I say +1 to all the intellectual responses. It seems that the bigger the better, since SuperTrapp is known to be restrictive unless you have as many plates as you can fit, at which point you have a pain to maintain. The typical assembly is a straight-as-possible pipeset and a canister muffler, usually 3.5 to 5.5" tip, at anywhere from 16" to 22" length, and overall diameter of 6-7". This is a legality, the muffler almost doesn't matter, it gets you past the Police without any eyebrows being raised. It also provides wnough backpressure to prevent stalling.
If you have access to a dynomometer, and have trusted records of your present tuning, changing over to a SuperTrapp will either give you very little gain, no gain, or a loss. Unless you have an OEM piece now. Tanabe, HKS, ProDrive, Perrin (top end model)... these are all almost identical, and for a reason. It is the basic underlying design which is purely functional, light-weight, and fairly attractive, if you like this sort of look.
SuperTrapps are also tremendously expensive. To build one to suit a WRX is probably around a $300 ordeal, where a carbon/Titanium HKS HyperMedallion is $269 shipped on eBay, and is a known and trusted setup for the Imprezas, no matter what model or year Subie you have. I am not saying dump the SuperTrapp, or that HKS is best... everyone has an opinon... it is a choice, and this one is yours.
Your best bet for use of the muffler you are interested in is:
SuperTrapp Polished 19"x3"inx4"out (good for turbocharged models)
SuperTrapp Polished 19"x3"inx5"out (louder, more flow, good for upgraded turbos or higher HP applications)
SuperTrapp Polished 19"x2.5"inx4"out (or 3.5"out if you want quiet over power gains, this is recommended for normally aspirated / non-turbo engines)
I recommend the polished finish... it is far easier to maintain.
For $300, that ProDrive mentioned up there is going to net you a definite gain in power, and will fit your car without a fight.
Good luck finding a local welder who isn't going to spit flux on your mirror polished $300 muffler when putting a hanger bracket on it is on your plate. I know I'd be mad as a hatter. Most of the above mufflers can be used with a WRX specific hanger clamp, or they come with a hanger robotically welded, and will pose no problems.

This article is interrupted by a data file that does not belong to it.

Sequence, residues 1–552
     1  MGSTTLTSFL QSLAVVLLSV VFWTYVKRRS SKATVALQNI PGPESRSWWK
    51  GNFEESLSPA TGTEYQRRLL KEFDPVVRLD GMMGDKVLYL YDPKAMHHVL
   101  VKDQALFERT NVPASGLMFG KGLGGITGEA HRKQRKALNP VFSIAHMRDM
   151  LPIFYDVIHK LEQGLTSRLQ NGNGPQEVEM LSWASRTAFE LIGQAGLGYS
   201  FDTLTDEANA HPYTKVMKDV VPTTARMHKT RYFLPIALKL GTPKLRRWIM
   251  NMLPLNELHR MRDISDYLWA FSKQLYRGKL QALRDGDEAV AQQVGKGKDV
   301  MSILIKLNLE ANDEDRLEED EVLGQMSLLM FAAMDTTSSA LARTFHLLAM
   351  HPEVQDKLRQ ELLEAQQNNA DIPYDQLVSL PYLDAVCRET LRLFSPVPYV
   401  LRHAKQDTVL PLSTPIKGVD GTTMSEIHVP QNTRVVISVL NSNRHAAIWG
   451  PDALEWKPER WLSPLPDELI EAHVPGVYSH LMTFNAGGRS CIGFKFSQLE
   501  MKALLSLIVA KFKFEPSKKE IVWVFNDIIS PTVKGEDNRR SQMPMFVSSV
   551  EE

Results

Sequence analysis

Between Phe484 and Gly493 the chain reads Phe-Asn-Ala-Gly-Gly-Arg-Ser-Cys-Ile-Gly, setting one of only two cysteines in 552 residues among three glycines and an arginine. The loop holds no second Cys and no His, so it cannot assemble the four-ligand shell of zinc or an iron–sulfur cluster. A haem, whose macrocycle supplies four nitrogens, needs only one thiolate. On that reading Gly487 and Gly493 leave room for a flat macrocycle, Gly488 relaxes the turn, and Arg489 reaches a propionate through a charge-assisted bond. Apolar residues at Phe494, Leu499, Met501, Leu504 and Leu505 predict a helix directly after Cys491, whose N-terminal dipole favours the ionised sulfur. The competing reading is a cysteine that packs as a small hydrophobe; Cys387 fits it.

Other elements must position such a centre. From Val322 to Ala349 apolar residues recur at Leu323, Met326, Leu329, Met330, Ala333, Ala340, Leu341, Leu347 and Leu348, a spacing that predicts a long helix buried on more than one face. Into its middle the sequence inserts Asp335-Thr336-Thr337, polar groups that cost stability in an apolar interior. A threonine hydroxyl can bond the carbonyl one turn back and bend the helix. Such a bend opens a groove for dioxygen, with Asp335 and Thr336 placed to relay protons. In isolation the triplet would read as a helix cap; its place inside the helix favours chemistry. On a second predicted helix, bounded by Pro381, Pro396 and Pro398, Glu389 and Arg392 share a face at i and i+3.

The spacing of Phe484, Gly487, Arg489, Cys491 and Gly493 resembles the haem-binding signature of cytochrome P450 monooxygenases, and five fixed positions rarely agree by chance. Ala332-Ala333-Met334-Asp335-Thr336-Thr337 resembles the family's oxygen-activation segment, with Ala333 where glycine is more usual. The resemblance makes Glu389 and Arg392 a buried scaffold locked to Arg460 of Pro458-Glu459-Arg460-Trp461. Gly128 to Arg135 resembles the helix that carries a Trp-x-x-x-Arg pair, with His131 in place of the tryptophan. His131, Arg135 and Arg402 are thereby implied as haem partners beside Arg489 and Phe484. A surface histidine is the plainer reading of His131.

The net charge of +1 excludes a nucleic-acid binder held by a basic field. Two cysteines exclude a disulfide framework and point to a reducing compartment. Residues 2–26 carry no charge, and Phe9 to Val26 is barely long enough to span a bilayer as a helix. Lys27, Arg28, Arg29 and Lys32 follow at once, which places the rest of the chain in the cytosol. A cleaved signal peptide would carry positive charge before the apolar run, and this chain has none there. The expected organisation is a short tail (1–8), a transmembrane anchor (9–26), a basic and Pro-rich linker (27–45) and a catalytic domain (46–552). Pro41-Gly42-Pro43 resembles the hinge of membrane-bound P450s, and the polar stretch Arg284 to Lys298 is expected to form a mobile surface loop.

I will also say that since this question made it to this forum, and it is a matter of "which t-shirt looks best with these jeans?", you can try it, take a ton of photos, and some clips for You to the Tube, and we might all want one. That's how most systems get popular. That and being passed by someone with whatever setup.
Also, don't have Joe Welder do it. find a real exhaust shop that builds hot-rods and track racing machines, and pay the extra labor to have strong, rustproof coinstacks of weld, rahter than the "Muffler King" spatter and braze, with the potential for a hole shot through it by the torch (most of this stainless steel is thin to keep light weight). They'll turn the muffler over after tacking the hole with braze, leaving a rough spot in the airflow where it matters.
If it was my $300, I'd get a canister w/ a really sweet billet hanger, a complete turboback, like a TurboXS or Tanabe. One with a whole blueprint, and T-304 (or higher) Stainless from the turbo to the tip.
Yeah, realized after I posted a freakin' book... I was researching the SuperTrapp for my WRX EJ20, and came across this, thought it was full of garbage, and that a real response would at least justify keeping it in the archives.
So... did anyone ever try this? It was designed for motorcycles, and a few Porsche owners went this way, simply to shut up the very short and extremely loud exhaust systems available in their aftermarket.